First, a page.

Here’s another yak photo.


Nepal in Photos

Nepal in Photos, MINUS the Himalayas – those shots deserve their own post!

Most of my time in Kathmandu, I lived with the Pandeys, a Nepali host family I connected with via a British friend of a German friend. My Nepali family resides in a big brown house just outside the city, close to the famous Swoyambhu (Monkey Temple!).


Prayer wheels at Swoyambhu.

I loved my time with the Pandeys. I really feel like I have a family in Nepal after living with them for just a month.

In line with Nepali tradition, my Aama (mother) gave me a garland of marigolds and fed me three spoonfuls of curd as I departed their home on my last day.

In line with Nepali tradition, my Aama (mother) gave me a garland of marigolds and fed me three spoonfuls of curd as I departed their home on my last day.

My host brothers and me. And why yes I AM wearing traditional Nepali clothes! My very neon Christmas gift from the Pandeys.

My host brothers (aged 16 and 12) and me. And why yes I AM wearing traditional Nepali clothes! My very neon Christmas gift from the Pandeys.

My activities at the Pandeys’ involved eating an unbelievable amount of home-cooked Nepali goodness, helping my bhaiharu (brothers) with their English, hand-washing my clothes, chatting about Nepal and America, laughing about table manners and idioms and cultural opposites, drinking countless cups of masala milk tea, and making daily excursions to explore different areas of Kathmandu Valley and beyond.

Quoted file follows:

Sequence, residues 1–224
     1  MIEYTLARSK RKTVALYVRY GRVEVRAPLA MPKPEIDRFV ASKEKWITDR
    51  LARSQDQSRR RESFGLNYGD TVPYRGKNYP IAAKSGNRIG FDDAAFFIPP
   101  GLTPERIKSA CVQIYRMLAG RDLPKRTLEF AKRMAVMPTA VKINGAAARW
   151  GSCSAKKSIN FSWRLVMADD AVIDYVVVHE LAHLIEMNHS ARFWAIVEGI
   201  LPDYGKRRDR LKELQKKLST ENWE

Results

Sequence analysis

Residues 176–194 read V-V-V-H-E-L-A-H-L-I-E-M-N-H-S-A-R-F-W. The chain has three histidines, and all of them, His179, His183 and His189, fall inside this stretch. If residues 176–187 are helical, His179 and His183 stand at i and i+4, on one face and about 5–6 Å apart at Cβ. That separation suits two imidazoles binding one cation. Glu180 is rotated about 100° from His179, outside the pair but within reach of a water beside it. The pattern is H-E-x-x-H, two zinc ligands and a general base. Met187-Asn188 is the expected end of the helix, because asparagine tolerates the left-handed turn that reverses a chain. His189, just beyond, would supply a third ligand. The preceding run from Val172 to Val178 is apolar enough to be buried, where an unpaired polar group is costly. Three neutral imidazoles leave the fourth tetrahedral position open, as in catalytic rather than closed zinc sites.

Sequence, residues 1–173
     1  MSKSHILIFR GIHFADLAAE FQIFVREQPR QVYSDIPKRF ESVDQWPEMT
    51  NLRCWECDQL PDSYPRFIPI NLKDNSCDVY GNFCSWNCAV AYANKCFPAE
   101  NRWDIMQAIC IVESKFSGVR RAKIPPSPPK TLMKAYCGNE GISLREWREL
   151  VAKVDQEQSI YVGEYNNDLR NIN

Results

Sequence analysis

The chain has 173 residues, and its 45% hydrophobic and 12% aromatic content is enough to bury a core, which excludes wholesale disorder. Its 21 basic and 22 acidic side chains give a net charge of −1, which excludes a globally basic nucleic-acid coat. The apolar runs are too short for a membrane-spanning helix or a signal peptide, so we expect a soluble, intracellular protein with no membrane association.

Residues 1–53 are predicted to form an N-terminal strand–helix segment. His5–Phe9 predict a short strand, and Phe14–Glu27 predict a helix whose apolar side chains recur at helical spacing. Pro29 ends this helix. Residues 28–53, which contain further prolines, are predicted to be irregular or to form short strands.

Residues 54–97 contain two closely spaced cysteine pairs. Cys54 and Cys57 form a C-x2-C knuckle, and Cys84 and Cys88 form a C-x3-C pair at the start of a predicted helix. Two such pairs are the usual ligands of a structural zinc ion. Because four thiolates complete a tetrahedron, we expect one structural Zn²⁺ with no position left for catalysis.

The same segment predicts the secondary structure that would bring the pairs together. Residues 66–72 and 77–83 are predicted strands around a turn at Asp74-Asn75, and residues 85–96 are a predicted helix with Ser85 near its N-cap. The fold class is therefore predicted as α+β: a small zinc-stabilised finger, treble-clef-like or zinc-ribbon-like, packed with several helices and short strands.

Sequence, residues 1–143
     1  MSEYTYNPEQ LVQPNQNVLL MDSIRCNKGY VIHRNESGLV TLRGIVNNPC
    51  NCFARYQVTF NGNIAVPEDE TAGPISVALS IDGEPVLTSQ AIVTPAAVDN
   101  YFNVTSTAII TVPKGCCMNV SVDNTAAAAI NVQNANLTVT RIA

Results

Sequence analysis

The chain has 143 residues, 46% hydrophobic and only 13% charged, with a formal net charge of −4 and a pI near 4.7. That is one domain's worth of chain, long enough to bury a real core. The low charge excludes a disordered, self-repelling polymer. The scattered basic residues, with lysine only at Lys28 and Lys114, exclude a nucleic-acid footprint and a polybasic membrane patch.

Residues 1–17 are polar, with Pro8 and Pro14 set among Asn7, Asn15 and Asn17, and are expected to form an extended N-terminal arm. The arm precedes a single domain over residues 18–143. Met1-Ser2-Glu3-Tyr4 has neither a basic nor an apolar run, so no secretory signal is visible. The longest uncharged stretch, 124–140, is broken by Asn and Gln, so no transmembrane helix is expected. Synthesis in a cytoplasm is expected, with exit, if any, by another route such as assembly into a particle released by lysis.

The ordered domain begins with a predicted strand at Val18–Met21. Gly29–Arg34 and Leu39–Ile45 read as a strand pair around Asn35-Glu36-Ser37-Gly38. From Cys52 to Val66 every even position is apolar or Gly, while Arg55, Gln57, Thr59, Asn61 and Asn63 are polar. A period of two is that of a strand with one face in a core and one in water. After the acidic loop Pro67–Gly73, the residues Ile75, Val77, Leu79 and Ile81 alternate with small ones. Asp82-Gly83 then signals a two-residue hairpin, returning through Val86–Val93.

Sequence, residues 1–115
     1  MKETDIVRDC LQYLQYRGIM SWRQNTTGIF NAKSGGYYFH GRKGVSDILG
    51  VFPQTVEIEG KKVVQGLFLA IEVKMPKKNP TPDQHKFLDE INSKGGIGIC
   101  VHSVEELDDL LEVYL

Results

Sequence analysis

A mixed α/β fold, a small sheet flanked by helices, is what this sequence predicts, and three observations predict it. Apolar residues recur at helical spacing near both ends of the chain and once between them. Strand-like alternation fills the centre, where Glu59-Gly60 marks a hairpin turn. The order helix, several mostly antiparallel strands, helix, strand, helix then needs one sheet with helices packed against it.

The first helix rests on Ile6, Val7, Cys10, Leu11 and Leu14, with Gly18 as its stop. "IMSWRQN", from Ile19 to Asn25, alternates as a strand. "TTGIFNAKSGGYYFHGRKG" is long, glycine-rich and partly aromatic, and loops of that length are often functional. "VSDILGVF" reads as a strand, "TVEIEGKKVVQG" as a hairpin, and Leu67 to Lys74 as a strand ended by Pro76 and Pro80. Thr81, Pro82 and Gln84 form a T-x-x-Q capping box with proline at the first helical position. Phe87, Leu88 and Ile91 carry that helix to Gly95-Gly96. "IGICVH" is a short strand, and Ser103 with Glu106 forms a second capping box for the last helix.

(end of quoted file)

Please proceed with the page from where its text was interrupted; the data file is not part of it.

Laundry day. Aama and I would spend a few hours on the roof, she efficiently laundering the clothes of her four-person family, and I t-e-d-i-o-u-s-l-y scrubbing my few totally wrecked backpacking outfits.

Laundry day. Aama and I would spend a few hours on the roof, she efficiently laundering the clothes of her four-person family, and I t-e-d-i-o-u-s-l-y scrubbing my few totally wrecked backpacking outfits.

I am so grateful that I opted to stay with a host family in Nepal instead of in a hostel, because I feel I was able to learn so much more about Nepali culture, and also enjoy a familiar atmosphere when I came “home” every evening or after my longer excursions around the country. For the first time since I began traveling, my days became somewhat predictable. I knew what to expect in the evenings; I knew where I would sleep every night; I knew what the food was like and didn’t have to worry about making it myself. I got to know the family dynamic and the flow of the days in their home. Though the structure that existed in my new home was at times a challenge after deciding my own time for months, it was also welcomed, as it allowed me to feel “at home” and a bit settled for the first time since August.